Commentary Magazine


Topic: Mary Patrice Brown

Re: Yoo and Bybee Cleared

More reviews are coming in for the work of the OPR lawyers who doggedly pursued John Yoo and Jay Bybee for two years. A 14-page letter dated January 19, 2009  is available, authored by Former Attorney General Michael Mukasey and his deputy Mark Filip and setting forth many of the identical criticisms that caused David Margolis to reject, finally, OPR’s work.

I also heard from Professor Ron Rotunda, an expert in constitutional law and legal ethics, with whom the Justice Department consulted during the OPR investigation. He was blunt: “I saw the ethics charges that the OPR staff made.  The materials are now publicly available. I think it is the OPR staff who should be investigated, for their shoddy, leak-prone, result-oriented, and — dare we say it — incompetent investigation.”

This unmasking of OPR’s incompetence and bias is not only important in so far as it completely vindicates Yoo and Bybee, though it certainly does that. It is also important because OPR remains a critical entity within the Justice Department. It is this group — whose unprofessionalism and bias have now been amply demonstrated at Yoo and Bybee’s expense – which, for example, is charged with investigation of the New Black Panther Party scandal. Do we suppose they will perform any more credibly in that inquiry? And recall as well that the head of OPR, Mary Patrice Brown, is reportedly under consideration for appointment to the federal bench. Well, I, for one, would much enjoy that confirmation hearing.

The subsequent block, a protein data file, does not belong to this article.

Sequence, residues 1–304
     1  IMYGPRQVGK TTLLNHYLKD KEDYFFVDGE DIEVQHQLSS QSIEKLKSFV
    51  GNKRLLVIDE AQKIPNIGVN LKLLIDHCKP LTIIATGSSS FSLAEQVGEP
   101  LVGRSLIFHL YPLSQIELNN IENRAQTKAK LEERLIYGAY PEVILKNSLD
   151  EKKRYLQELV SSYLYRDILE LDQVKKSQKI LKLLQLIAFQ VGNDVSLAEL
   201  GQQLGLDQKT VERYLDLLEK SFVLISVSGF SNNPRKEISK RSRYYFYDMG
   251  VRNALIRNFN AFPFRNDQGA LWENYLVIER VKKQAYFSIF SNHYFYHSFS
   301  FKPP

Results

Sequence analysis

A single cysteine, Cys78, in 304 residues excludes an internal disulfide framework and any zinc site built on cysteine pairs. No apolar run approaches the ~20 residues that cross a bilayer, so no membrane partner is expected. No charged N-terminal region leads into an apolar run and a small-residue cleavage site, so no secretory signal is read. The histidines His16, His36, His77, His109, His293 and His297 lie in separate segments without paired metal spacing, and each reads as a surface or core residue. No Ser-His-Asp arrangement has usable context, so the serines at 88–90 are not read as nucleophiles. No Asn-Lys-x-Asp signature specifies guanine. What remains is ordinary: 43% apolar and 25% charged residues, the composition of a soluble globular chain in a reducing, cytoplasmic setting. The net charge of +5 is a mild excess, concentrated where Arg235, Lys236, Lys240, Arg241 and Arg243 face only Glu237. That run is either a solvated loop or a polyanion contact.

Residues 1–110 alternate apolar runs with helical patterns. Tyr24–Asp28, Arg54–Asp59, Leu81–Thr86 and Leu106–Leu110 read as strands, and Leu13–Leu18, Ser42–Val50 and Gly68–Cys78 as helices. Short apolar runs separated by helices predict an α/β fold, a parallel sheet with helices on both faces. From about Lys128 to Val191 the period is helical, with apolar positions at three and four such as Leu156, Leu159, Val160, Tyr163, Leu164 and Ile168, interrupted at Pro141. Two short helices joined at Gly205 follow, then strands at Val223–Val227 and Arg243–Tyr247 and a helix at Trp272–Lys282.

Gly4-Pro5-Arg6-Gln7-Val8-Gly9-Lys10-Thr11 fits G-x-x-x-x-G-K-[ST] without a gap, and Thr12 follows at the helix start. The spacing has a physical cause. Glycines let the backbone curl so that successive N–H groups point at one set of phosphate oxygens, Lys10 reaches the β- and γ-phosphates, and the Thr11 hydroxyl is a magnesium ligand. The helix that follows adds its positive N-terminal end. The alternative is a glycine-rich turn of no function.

But more seriously, Attorney General Eric Holder has an obligation now to clean house and deal with those who leaked during the investigation in violation of their professional obligations. OPR has been entirely discredited and the stench will not dissipate until Holder takes appropriate action to — what is the phrase? — ah, yes, depoliticize and restore the credibility of his Department.

More reviews are coming in for the work of the OPR lawyers who doggedly pursued John Yoo and Jay Bybee for two years. A 14-page letter dated January 19, 2009  is available, authored by Former Attorney General Michael Mukasey and his deputy Mark Filip and setting forth many of the identical criticisms that caused David Margolis to reject, finally, OPR’s work.

I also heard from Professor Ron Rotunda, an expert in constitutional law and legal ethics, with whom the Justice Department consulted during the OPR investigation. He was blunt: “I saw the ethics charges that the OPR staff made.  The materials are now publicly available. I think it is the OPR staff who should be investigated, for their shoddy, leak-prone, result-oriented, and — dare we say it — incompetent investigation.”

This unmasking of OPR’s incompetence and bias is not only important in so far as it completely vindicates Yoo and Bybee, though it certainly does that. It is also important because OPR remains a critical entity within the Justice Department. It is this group — whose unprofessionalism and bias have now been amply demonstrated at Yoo and Bybee’s expense – which, for example, is charged with investigation of the New Black Panther Party scandal. Do we suppose they will perform any more credibly in that inquiry? And recall as well that the head of OPR, Mary Patrice Brown, is reportedly under consideration for appointment to the federal bench. Well, I, for one, would much enjoy that confirmation hearing.